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Search Engine for Antimicrobial Resistance: A Cloud Compatible Pipeline and Web Interface for Rapidly Detecting Antimicrobial Resistance Genes Directly from Sequence Data

Search Engine for Antimicrobial Resistance: A Cloud Compatible Pipeline and Web Interface for Rapidly Detecting Antimicrobial Resistance Genes Directly from Sequence Data

  • Will Rowe, 
  • Kate S. Baker, 
  • David Verner-Jeffreys, 
  • Craig Baker-Austin, 
  • Jim J. Ryan, 
  • Duncan Maskell, 
  • Gareth Pearce
PLOS
x

Abstract

Background

Antimicrobial resistance remains a growing and significant concern in human and veterinary medicine. Current laboratory methods for the detection and surveillance of antimicrobial resistant bacteria are limited in their effectiveness and scope. With the rapidly developing field of whole genome sequencing beginning to be utilised in clinical practice, the ability to interrogate sequencing data quickly and easily for the presence of antimicrobial resistance genes will become increasingly important and useful for informing clinical decisions. Additionally, use of such tools will provide insight into the dynamics of antimicrobial resistance genes in metagenomic samples such as those used in environmental monitoring.

Results

Here we present the Search Engine for Antimicrobial Resistance (SEAR), a pipeline and web interface for detection of horizontally acquired antimicrobial resistance genes in raw sequencing data. The pipeline provides gene information, abundance estimation and the reconstructed sequence of antimicrobial resistance genes; it also provides web links to additional information on each gene. The pipeline utilises clustering and read mapping to annotate full-length genes relative to a user-defined database. It also uses local alignment of annotated genes to a range of online databases to provide additional information. We demonstrate SEAR’s application in the detection and abundance estimation of antimicrobial resistance genes in two novel environmental metagenomes, 32 human faecal microbiome datasets and 126 clinical isolates of Shigella sonnei.

Conclusions

We have developed a pipeline that contributes to the improved capacity for antimicrobial resistance detection afforded by next generation sequencing technologies, allowing for rapid detection of antimicrobial resistance genes directly from sequencing data. SEAR uses raw sequencing data via an intuitive interface so can be run rapidly without requiring advanced bioinformatic skills or resources. Finally, we show that SEAR is effective in detecting antimicrobial resistance genes in metagenomic and isolate sequencing data from both environmental metagenomes and sequencing data from clinical isolates.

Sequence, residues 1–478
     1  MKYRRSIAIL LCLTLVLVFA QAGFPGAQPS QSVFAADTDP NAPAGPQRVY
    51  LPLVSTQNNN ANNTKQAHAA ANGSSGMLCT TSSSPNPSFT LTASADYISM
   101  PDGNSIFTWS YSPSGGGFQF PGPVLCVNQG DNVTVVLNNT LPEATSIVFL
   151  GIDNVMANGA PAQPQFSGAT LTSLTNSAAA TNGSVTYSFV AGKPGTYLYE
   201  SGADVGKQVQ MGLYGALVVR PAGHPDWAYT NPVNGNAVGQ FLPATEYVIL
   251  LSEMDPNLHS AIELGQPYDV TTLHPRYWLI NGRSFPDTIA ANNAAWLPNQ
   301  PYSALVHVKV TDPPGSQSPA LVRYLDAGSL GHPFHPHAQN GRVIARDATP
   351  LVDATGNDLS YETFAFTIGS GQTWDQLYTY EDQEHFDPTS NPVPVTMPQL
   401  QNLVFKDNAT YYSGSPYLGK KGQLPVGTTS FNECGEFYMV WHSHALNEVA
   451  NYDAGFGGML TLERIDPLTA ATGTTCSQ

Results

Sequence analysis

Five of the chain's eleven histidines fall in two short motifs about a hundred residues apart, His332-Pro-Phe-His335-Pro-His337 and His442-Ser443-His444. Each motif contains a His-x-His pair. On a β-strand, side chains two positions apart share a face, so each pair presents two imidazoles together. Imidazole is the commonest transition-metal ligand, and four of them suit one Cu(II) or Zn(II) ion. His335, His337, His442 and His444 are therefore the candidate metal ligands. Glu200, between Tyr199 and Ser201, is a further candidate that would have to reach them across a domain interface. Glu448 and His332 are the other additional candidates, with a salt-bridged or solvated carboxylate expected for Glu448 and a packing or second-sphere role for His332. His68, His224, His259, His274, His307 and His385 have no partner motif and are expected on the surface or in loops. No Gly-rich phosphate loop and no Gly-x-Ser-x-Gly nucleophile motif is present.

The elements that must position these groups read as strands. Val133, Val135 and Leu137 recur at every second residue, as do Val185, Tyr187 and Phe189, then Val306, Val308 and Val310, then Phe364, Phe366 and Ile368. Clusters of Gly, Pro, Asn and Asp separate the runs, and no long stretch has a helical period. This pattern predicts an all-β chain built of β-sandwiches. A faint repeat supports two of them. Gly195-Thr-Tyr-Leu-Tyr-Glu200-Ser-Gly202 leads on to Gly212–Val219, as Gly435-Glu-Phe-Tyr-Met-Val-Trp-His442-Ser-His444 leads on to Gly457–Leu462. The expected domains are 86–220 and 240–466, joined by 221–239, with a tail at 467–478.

Introduction

The global threat of antimicrobial resistance is growing at an alarming rate; infections that were once easily treatable now constitute public health crises [1]. This has lead to the consensus that more must be done to monitor and combat the occurrence and spread of antimicrobial resistance [2, 3]. Current diagnostic laboratory practice for the detection of antimicrobial resistance relies on isolate culturing, followed by growth inhibition assays for the identification of resistant phenotypes and determination of Minimum Inhibitory Concentrations against a range of antimicrobials (MICs) [4]. Alternatively, antimicrobial resistance genes (ARGs) can be identified using polymerase chain reaction (PCR) and quantified using real-time PCR, requiring specific primers for the amplification of target sequences [5]. These approaches take time, consume resources, and have limitations that may result in clinically relevant resistances being undetected e.g. phenotypic testing will miss non-culturable bacteria and non-expressed ARGs, whereas limitations of multiplex composition and size in molecular testing complicates the detection of ARGs [6, 7].

Perhaps not surprisingly, the Centers for Disease Control and Prevention (CDC) identified one of the current downfalls in the approach to combatting antimicrobial resistance as the poor use of advanced molecular detection (AMD) technologies [8]. AMD technologies, such as the whole genome sequencing of bacterial isolates as well as uncultured bacteria (metagenomic sequencing), have the potential to identify antimicrobial resistance more quickly and effectively than conventional laboratory assays [8]. In addition to these well-understood advantages, AMD technologies can also be applied to circumvent the requirement of prior knowledge of causative agents and provide clinically relevant information for the treatment and surveillance of pathogens as well as antimicrobial resistance [9]. Upon receipt of a metagenomic (e.g. environmental or faecal microbiome) or isolate sample, DNA can be extracted, compiled into a library and sequenced within hours [10]. Indeed, AMD approaches to pathogen detection are currently being developed and seek to identify pathogens directly from metagenomic samples within clinically relevant timeframes [11]. Recent studies have also shown AMD to be effective in the epidemiological tracking of pathogens, as well as the detection of ARGs present in their genomes [12, 13]. AMD offers an alternative screening tool that may be quicker than traditional culture-based techniques. For example, the detection of Mycobacterium tuberculosis requires inoculated isolation media to be incubated for several days in order to diagnose infection and additional time for phenotypic characterisation of antimicrobial resistance [14]. This highlights the potential for developing more efficient diagnostic tests and the utilisation of AMD technologies to create more rapid alternatives for ARG detection.